Part of a yearlong series about building and builders inspired by the Torah cycle.
וַיִּתְרֹֽצֲצ֤וּ הַבָּנִים֙ בְּקִרְבָּ֔הּ וַתֹּ֣אמֶר אִם־כֵּ֔ן לָ֥מָּה זֶּ֖ה אָנֹ֑כִי וַתֵּ֖לֶךְ לִדְרֹ֥שׁ אֶת־יְהוָֽ”ה׃
But the children struggled in her womb, and [Rivka] said, “If so, why do I exist?” She went to inquire of God. (Genesis 25:22)
Everyone who dreams and yearns and builds knows the experience of agonizing over a project. Do I really know what I’m doing? What if I had a vision for what this project would be, and now it’s growing into something different? What if I have conflicting visions for what I want to bring into the world, and now I don’t know what to do with that tension?
That’s the experience of our foremother Rivka. Pregnant with twins, she felt them struggling within her. She poured out her heart to God, saying, אִם־כֵּ֔ן לָ֥מָּה זֶּ֖ה אָנֹ֑כִי — If this is what’s going to be, then why am I? (Genesis 25:22)
Here are three lessons for building that I learn from Rivka and from parashat Toldot writ large:
- Be open to surprises.
Rivka yearned for a child, and Torah tells us that God heard her plea and she conceived. I identify with that on a literal level as a woman who struggled with miscarriage before carrying a pregnancy to term. But I resonate with it even more on a metaphorical level… because once Rivka conceives, things don’t take exactly the shape she anticipated.
This matches my experience of both parenthood and spiritual life. Even if we have what we think are good blueprints, the work may take a different shape than we imagined. The woman who expected one easy infant might get a pair of contentious twins. The committee chair who expected a simple meeting might get a tense interpersonal situation. The builder who expected easy construction might discover that there is critical plumbing running through the wall where he intended to cut the window.
Sometimes the build doesn’t go according to plan. That doesn’t mean that we didn’t plan well or that we shouldn’t be building — rather that life is full of surprises. In Bereshit we were reminded that even God needs a plan B sometimes: clearly this is part of creation’s design. We can’t prepare for every eventuality, but we can learn to “roll with” surprises when they come and to improvise based on what we learn.
- Ask big questions, and hold our certainties lightly.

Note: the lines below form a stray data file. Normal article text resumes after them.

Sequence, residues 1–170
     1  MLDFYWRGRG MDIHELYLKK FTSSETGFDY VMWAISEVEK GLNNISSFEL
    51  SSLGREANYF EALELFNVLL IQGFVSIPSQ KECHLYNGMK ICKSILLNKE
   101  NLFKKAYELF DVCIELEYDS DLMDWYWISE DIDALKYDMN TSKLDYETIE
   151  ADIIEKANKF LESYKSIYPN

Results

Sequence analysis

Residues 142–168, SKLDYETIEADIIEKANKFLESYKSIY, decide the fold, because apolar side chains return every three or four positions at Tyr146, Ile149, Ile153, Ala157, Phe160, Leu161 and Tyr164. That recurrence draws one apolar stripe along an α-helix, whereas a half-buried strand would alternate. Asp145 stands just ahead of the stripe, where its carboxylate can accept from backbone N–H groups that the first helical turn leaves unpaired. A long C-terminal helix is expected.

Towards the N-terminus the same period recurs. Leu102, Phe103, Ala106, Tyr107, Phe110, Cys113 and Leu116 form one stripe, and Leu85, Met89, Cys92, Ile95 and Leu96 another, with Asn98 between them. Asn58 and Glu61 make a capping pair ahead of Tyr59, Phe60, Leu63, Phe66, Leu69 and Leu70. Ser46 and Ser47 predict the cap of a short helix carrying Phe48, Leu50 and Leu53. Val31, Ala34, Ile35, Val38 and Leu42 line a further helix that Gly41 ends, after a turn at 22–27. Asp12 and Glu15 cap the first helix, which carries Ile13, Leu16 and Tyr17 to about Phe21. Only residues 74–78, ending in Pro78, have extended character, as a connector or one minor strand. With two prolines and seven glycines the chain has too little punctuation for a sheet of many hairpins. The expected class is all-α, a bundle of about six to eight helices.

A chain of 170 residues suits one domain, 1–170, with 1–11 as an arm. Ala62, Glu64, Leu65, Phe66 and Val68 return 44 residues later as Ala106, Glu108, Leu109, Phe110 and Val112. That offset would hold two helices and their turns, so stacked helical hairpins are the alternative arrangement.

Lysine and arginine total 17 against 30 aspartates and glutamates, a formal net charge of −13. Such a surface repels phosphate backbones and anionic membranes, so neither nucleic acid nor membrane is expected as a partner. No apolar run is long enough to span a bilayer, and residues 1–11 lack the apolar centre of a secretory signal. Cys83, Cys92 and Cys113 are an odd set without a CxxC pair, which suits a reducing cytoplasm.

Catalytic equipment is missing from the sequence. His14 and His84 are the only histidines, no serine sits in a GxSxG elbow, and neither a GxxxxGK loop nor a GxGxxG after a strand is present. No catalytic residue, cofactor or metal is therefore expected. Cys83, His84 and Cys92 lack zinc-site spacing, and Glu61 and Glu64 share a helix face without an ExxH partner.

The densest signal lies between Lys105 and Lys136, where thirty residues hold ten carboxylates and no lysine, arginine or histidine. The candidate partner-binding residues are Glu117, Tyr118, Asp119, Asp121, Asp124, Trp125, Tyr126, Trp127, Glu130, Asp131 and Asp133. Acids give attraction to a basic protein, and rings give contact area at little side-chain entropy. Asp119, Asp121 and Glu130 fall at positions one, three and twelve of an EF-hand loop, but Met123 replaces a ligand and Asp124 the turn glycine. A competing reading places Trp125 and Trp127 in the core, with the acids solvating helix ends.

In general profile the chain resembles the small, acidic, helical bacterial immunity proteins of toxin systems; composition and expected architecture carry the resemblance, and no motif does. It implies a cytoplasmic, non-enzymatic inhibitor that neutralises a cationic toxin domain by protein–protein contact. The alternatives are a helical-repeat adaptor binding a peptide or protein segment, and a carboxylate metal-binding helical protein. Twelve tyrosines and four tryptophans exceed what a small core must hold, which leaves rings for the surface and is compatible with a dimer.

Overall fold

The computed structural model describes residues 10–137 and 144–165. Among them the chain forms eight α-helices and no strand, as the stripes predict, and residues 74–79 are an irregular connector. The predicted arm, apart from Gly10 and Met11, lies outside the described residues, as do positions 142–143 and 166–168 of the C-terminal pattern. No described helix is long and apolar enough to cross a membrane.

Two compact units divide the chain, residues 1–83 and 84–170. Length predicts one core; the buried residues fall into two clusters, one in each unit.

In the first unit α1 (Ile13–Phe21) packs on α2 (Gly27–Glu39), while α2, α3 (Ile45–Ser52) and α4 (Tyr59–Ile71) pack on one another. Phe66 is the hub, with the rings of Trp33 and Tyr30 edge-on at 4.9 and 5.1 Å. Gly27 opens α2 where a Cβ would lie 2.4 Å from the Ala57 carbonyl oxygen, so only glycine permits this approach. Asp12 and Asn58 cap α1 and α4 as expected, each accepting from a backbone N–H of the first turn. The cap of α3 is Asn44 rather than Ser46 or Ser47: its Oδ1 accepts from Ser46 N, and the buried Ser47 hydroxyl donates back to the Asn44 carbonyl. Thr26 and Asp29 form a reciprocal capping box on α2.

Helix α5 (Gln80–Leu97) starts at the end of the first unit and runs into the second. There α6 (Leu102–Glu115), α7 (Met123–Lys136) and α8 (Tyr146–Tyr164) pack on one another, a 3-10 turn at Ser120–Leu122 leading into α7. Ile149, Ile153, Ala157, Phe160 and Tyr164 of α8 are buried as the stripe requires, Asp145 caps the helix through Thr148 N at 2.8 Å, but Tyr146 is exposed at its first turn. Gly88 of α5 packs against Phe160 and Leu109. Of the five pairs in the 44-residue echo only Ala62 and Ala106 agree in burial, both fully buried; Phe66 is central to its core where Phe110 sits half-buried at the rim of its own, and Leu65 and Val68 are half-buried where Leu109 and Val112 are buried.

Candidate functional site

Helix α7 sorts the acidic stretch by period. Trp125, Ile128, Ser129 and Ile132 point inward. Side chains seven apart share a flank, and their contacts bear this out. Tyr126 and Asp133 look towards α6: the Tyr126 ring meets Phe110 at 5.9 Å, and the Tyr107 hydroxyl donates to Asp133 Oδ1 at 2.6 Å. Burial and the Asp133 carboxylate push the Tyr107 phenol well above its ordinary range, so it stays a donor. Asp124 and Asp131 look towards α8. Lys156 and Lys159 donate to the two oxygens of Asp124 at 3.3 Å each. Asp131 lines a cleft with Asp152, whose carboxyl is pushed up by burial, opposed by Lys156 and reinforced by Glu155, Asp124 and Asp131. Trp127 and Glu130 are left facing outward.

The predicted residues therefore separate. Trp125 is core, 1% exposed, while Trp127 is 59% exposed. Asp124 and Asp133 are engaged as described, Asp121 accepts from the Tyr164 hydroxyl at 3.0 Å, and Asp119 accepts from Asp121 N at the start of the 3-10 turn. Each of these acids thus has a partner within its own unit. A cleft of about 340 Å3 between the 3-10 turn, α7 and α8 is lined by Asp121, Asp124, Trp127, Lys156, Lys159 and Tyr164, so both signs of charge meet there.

When Rivka felt her twins fighting in her womb, she went directly to the big question: if this is what’s happening, why do I exist, why am I even here? We would do well to ask that question in our building work, too. Why are we here? What are we doing? Are we putting our attention and our effort in the right place? Should we be building differently?
In her readiness to ask big questions about her life’s purpose, Rivka also teaches us to hold our certainties lightly. Like Rivka, we too can strive to find a healthy balance between cultivating a vision of what we yearn to create — and being willing to accept that what we’re building might turn out to be a surprise even for us.
Notably, Rivka doesn’t seem to question whether or not God will hear. And sure enough, God answers her right away. Most of us in the modern world don’t have the luxury of feeling heard by (and answered by!) the Source of the Universe. But even “just” asking the questions can be transformative, and can help us suss out the guiding principles that inform our building.
- Old pipes can hold new flow
This week’s Torah portion is called Toldot, “Generations.” All of us who seek to build the Jewish future do so on the foundations laid by previous generations. It’s on us to honor the foundations they placed, even as we open ourselves like Rivka to surprises — and embrace new interpretations, spiritual technologies, and ideas that our forebears couldn’t have imagined.
Later in Toldot, there’s a verse about re-plumbing an ancestor’s wells (Genesis 26:32). When Torah talks about re-plumbing, it’s not a matter of choosing fixtures for the ensuite bath. Our spiritual ancestors were a desert people for whom water was precious and rare. A well running dry could be a matter of life or death. And, water is also one of Torah’s profoundest metaphors for sustenance, for hope, for life, for God’s presence — even for Torah itself.
We may no longer drink from the literal wells of our ancestors, but their spiritual wells still flow — especially when we delve into them ourselves to ensure that they’re still open. All who seek to build Jewish life can draw new sustenance from old sources, laying pipe to bring reach hearts and souls that are thirsty for meaning. We can deepen our ancestors’ wells, drawing up vision and hope, new interpretations and new practices, for each other and for generations to come.
We may channel that flow to places, and in ways, that our predecessors couldn’t have imagined. In software parlance, I think that’s a feature, not a bug. Someday our descendants (both literal and spiritual) will do the same, building rituals and interpretations and structures that we can’t imagine on the foundations we will have left behind. Our task is to keep the channels open, to ask big questions, and to be open to surprising outcomes.
Just ask Rivka.
by Rabbi Rachel Barenblat; sketchnote by Steve Silbert